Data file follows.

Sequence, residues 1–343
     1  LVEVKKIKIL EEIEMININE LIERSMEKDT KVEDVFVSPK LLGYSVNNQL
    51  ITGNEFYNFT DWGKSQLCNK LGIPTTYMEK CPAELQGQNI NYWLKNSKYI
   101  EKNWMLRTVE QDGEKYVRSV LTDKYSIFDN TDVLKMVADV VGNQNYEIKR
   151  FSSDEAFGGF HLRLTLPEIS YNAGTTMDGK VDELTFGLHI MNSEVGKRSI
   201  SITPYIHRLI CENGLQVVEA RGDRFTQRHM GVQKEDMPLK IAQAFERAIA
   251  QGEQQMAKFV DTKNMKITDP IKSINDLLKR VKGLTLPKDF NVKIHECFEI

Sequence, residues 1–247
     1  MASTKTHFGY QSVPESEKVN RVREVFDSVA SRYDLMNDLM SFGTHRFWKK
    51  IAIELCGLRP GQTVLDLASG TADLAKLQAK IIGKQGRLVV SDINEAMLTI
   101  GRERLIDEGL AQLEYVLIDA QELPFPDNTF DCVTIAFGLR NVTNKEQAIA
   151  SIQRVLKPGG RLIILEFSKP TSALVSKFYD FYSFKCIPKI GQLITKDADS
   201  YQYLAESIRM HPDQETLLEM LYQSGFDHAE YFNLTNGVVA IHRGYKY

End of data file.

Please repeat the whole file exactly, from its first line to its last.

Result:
Sequence, residues 1–343
     1  LVEVKKIKIL EEIEMININE LIERSMEKDT KVEDVFVSPK LLGYSVNNQL
    51  ITGNEFYNFT DWGKSQLCNK LGIPTTYMEK CPAELQGQNI NYWLKNSKYI
   101  EKNWMLRTVE QDGEKYVRSV LTDKYSIFDN TDVLKMVADV VGNQNYEIKR
   151  FSSDEAFGGF HLRLTLPEIS YNAGTTMDGK VDELTFGLHI MNSEVGKRSI
   201  SITPYIHRLI CENGLQVVEA RGDRFTQRHM GVQKEDMPLK IAQAFERAIA
   251  QGEQQMAKFV DTKNMKITDP IKSINDLLKR VKGLTLPKDF NVKIHECFEI

Sequence, residues 1–247
     1  MASTKTHFGY QSVPESEKVN RVREVFDSVA SRYDLMNDLM SFGTHRFWKK
    51  IAIELCGLRP GQTVLDLASG TADLAKLQAK IIGKQGRLVV SDINEAMLTI
   101  GRERLIDEGL AQLEYVLIDA QELPFPDNTF DCVTIAFGLR NVTNKEQAIA
   151  SIQRVLKPGG RLIILEFSKP TSALVSKFYD FYSFKCIPKI GQLITKDADS
   201  YQYLAESIRM HPDQETLLEM LYQSGFDHAE YFNLTNGVVA IHRGYKY